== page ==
Classical and Contemporary Thinkers in Economics

Module code: ECN109

This is an optional module for single honours Economics and BSc Economics with Finance students.

  • How did modern economics develop as a discipline?
  • Who made the significant advances in the intellectual development within our subject?
  • How do these 'great thinkers' contribute to how we research and teach in economics today?
  • What principles and concepts in modern economics have these individuals given to us?
  • What is the continuing impact of these economists on our understanding of the ways in which governments, businesses, investors and individuals make decisions today?

Aims of the module

The module aims are:

  • to introduce students to a range of classical and contemporary economists, and to outline their contributions to the discipline of economics
  • to explain how these economists have influenced our own thinking and the kinds of economic research that is undertaken at Sheffield
  • to provide examples of the relevance of classical and contemporary economists to current economic issues

Learning objectives

By the end of the module, students will:

  • have an understanding of the historical roots and some contemporary developments in economics
  • be able to compare and contrast different analytical approaches to current problems in economics
  • have an appreciation of the breadth and depth of economics as a discipline, and some knowledge of the diversity of economics research undertaken in the department at Sheffield

Syllabus

This module introduces students to a range of classical and contemporary economists, including the founders of the discipline and some Nobel Prize winners, past and present. For each economist, a senior member of the department will give a short biography, outline their contributions to the discipline of economics and the development of the subject, and explain how these economists have influenced their own thinking and the research that is undertaken in economics today. Examples of the contribution of these economists to a range of current economic issues will also be used to illustrate the continuing relevance and application of their ideas.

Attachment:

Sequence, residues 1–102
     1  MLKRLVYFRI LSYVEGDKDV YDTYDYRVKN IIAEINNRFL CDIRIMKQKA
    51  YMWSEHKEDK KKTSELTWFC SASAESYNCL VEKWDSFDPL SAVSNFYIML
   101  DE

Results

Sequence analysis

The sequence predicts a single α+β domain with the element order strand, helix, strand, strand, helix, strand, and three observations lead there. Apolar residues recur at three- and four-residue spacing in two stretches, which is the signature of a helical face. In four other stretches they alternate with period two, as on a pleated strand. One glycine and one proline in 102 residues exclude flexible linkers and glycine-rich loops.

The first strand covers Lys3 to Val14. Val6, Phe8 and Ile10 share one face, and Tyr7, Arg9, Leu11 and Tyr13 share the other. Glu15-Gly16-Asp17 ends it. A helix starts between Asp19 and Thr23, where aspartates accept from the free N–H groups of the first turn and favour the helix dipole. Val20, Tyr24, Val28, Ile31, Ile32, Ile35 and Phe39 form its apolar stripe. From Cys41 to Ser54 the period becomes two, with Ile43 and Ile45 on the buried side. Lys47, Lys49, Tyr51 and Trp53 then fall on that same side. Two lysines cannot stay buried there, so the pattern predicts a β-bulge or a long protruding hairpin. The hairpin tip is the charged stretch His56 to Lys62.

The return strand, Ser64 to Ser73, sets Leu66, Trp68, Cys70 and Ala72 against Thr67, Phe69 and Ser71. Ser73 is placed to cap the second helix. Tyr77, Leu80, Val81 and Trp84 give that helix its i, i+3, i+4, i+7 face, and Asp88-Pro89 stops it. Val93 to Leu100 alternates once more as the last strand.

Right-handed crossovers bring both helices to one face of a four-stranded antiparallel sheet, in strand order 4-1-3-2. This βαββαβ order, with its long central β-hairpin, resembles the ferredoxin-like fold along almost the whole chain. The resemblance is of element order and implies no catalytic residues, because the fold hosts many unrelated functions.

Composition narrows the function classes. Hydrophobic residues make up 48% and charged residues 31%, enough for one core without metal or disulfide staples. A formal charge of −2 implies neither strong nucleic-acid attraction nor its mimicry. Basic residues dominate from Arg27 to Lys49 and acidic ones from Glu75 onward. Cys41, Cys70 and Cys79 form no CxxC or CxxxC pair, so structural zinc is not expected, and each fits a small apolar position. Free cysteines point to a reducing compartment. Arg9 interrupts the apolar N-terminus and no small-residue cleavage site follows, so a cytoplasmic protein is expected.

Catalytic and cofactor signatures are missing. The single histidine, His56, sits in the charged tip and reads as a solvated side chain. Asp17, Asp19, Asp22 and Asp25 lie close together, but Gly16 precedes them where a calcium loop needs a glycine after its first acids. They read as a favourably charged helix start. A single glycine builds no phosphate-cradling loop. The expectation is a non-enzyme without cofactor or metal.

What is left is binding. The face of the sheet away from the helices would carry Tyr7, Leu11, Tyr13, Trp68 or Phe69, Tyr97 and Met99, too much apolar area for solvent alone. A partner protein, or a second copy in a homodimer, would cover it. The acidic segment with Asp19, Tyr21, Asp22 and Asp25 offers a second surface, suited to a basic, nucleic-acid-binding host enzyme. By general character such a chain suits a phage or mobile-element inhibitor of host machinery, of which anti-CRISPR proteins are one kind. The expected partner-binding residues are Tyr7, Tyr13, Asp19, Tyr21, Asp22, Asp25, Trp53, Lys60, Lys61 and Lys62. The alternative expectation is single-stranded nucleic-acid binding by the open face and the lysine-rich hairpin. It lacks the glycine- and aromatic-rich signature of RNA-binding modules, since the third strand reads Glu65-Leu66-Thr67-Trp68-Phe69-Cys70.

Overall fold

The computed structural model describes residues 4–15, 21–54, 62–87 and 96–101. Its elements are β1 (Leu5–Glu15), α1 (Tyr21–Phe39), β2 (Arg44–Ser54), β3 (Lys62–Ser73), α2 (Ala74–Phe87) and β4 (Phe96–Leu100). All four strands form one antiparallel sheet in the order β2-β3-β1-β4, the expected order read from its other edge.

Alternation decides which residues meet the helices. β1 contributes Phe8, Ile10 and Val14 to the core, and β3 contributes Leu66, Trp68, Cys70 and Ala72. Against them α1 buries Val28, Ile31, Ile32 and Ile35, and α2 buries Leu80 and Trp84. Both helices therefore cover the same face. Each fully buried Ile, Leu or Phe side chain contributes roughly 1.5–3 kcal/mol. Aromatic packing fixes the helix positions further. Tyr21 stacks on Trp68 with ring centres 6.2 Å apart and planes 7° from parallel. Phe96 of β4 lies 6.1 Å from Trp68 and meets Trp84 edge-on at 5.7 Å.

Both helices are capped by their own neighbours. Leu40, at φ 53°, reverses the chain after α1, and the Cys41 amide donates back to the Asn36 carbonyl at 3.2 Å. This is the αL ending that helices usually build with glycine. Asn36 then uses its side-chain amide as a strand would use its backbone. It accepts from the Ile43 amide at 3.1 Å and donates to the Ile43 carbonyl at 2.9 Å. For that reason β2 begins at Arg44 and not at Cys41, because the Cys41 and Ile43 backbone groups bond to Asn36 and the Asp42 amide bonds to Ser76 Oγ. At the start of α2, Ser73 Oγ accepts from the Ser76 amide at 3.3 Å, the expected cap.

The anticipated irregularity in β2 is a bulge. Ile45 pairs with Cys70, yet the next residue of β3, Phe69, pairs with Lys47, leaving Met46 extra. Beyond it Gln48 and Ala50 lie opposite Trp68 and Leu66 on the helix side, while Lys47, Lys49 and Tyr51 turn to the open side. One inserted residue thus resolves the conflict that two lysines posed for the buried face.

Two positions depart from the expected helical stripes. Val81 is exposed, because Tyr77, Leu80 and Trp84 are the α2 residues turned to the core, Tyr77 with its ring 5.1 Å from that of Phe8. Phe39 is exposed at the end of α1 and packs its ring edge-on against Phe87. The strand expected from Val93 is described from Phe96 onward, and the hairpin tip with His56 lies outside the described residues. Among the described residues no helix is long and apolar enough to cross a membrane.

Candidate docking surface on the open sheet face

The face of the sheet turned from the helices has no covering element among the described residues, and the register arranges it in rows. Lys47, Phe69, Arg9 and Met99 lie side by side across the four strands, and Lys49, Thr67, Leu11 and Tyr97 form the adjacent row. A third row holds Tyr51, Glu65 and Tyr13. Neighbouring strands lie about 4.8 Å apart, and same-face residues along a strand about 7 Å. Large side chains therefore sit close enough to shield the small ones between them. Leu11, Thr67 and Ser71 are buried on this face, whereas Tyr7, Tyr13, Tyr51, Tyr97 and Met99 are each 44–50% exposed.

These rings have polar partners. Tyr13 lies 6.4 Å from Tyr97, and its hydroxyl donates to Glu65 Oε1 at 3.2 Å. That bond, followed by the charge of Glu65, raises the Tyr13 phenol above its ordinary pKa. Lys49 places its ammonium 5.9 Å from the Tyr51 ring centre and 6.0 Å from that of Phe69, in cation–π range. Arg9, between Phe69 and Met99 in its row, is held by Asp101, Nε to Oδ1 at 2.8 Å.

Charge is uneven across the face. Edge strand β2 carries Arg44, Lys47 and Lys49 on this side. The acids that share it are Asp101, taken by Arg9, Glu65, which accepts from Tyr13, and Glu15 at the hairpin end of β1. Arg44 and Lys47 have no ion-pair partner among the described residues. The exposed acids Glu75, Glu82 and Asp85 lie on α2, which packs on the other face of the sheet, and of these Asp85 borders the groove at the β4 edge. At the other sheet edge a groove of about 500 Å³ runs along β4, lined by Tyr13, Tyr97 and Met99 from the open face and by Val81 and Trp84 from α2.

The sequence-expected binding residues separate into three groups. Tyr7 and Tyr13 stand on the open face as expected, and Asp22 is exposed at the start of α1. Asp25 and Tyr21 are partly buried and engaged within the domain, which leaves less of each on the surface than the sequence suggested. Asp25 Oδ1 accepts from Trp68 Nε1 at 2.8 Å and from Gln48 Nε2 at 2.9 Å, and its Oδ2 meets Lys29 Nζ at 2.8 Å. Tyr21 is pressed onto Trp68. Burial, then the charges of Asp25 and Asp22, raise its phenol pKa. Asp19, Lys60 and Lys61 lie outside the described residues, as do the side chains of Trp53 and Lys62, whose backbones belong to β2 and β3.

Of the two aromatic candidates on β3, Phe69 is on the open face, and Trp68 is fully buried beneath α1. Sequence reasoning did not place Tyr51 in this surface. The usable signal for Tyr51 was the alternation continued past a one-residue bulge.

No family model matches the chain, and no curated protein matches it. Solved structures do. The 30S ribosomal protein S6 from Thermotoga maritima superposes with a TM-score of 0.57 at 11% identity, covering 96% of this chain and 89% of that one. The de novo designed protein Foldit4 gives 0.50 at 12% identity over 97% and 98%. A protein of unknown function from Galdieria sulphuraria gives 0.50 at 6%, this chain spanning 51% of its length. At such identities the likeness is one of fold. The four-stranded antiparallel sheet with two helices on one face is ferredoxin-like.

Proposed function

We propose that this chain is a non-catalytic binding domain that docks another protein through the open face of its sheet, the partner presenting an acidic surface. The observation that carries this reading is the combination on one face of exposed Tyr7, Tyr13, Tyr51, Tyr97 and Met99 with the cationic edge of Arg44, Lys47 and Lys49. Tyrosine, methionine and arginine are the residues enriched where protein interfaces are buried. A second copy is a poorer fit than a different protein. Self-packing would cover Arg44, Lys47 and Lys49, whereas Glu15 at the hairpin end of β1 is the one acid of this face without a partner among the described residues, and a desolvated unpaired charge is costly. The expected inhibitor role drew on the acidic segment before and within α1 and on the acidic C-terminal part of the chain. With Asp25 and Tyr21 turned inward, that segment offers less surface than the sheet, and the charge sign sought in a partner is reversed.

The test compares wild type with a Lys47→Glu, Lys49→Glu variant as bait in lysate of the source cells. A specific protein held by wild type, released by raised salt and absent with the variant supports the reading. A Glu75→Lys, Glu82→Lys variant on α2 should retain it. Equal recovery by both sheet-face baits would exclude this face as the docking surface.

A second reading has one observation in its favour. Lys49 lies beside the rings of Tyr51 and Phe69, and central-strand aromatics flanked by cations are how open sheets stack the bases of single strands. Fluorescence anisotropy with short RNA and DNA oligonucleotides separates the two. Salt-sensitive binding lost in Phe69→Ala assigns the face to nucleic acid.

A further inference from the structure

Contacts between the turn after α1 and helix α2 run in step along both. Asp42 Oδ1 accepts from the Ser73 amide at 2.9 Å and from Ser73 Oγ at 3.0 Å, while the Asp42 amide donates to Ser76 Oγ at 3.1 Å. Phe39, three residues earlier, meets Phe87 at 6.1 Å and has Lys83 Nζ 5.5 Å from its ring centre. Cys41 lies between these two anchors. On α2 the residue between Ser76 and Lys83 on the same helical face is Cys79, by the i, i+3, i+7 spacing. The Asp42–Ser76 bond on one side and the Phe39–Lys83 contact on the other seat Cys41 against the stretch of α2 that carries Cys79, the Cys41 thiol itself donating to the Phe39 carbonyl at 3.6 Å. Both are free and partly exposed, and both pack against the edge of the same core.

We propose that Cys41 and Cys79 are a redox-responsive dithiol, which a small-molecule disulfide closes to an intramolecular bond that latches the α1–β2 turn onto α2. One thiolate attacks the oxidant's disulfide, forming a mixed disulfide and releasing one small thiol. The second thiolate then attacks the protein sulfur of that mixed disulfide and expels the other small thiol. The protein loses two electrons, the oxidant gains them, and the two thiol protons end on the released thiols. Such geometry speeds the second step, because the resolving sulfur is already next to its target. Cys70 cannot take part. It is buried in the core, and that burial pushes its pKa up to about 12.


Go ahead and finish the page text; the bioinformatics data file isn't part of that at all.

Teaching methods

Lectures and workshops, with two lectures and one workshop dedicated to each of the classical and contemporary economists being studied (Smith, Keynes, Lucas, Kahneman etc)

Assessment

Two one-hour class tests (one in each semester, each worth 30% of the overall mark) and a 5 page essay submitted at the end of semester 2 (worth 40%)

Basic reading

We advise you not to buy books before the module begins, as the reading list may change. If you wish to read in advance, look for these texts in the University library

Chang, Ha-Joon (2014) Economics: The User’s Guide, Pelican

Prerequisites none

Module leader Sarah Brown

Please note that the leader may change before the module begins

Semester Academic year

Credits 20